New Zealand has just been through one of its warmest Novembers ever.
The National Institute of Water and Atmospheric Research (Niwa) today released figures that show several warm weather records were smashed last month, especially in the South Island, where temperatures were up to 3.5 degrees on the usual average.
Cromwell had the warmest day reaching 32.3 degrees on November 28 - the town's highest November temperature in more than 60 years.
And a 90-year temperature record - 28.1 degrees celsius - was set in Hamilton.
"Taupo, New Plymouth, Wanganui, all that central area of the North Island also broke records..." NIWA climate scientist Georgina Griffiths told ONE News.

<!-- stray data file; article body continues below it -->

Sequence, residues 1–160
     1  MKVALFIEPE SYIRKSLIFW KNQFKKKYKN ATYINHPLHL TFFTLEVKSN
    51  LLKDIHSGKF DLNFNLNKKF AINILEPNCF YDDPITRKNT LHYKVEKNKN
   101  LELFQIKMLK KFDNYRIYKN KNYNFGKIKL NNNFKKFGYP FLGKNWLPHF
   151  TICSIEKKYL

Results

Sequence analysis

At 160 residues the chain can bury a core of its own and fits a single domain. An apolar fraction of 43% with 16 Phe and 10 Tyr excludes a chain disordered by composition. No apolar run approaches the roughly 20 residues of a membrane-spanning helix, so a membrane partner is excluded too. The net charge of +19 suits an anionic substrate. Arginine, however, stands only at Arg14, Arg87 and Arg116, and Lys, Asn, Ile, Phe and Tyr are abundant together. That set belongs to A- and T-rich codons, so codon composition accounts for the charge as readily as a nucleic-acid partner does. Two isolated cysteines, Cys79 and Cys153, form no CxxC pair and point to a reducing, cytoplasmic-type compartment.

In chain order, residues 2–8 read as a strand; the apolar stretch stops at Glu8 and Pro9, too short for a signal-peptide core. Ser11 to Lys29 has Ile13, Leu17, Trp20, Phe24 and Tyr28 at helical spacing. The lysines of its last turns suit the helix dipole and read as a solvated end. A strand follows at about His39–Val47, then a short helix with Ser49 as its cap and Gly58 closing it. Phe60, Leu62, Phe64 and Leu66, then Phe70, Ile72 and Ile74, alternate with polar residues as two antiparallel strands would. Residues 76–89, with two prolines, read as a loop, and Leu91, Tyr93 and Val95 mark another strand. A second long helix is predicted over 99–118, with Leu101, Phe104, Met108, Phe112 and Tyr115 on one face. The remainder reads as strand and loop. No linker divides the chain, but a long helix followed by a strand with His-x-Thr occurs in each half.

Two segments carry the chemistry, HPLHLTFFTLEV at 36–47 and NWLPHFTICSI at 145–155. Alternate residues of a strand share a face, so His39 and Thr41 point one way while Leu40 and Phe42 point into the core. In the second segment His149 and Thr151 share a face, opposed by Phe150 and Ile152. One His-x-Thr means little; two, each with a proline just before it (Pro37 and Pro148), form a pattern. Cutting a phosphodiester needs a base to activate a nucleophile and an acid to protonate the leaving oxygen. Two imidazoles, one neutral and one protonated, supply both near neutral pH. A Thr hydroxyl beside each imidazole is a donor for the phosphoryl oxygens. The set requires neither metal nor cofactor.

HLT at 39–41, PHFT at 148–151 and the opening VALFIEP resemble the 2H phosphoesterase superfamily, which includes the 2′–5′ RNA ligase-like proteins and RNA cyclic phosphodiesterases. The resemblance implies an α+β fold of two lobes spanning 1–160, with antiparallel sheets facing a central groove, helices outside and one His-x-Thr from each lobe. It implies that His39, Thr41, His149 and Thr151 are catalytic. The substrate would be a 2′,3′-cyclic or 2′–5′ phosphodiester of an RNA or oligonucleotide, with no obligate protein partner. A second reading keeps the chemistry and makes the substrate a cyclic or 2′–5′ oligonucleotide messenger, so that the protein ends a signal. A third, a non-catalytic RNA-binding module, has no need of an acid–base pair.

"We've had anti-cyclones passing over the country letting in all that good sunshine and light winds," she said, adding that a strong La Nina in the tropical Pacific should persist through the summer.
But with that warm period has come low rainfall and much of the country is now very dry. Some places have had no rain at all in the past four weeks.
Wanaka only had three millimetres of rain in the whole month.
In Manapouri, only two millimetres fell, Wanganui and Dargaville got 10 millimetres, Taupo and Hamilton both got 16 millimetres - all well below average.
That's frustrating farmers across the country with predictions summer soil moisture levels and river flows are very likely to be below normal in the west and south of the South Island, and near normal or below normal in all other regions, according to the seasonal outlook.
Decent rain isn't expected through eastern parts of the North Island until January.
However the MetService this evening put out a warning of thunderstorms in the central North Island, that could bring rain.